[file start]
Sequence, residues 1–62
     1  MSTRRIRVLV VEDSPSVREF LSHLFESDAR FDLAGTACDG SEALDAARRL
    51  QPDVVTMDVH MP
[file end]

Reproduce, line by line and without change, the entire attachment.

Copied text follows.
Sequence, residues 1–62
     1  MSTRRIRVLV VEDSPSVREF LSHLFESDAR FDLAGTACDG SEALDAARRL
    51  QPDVVTMDVH MP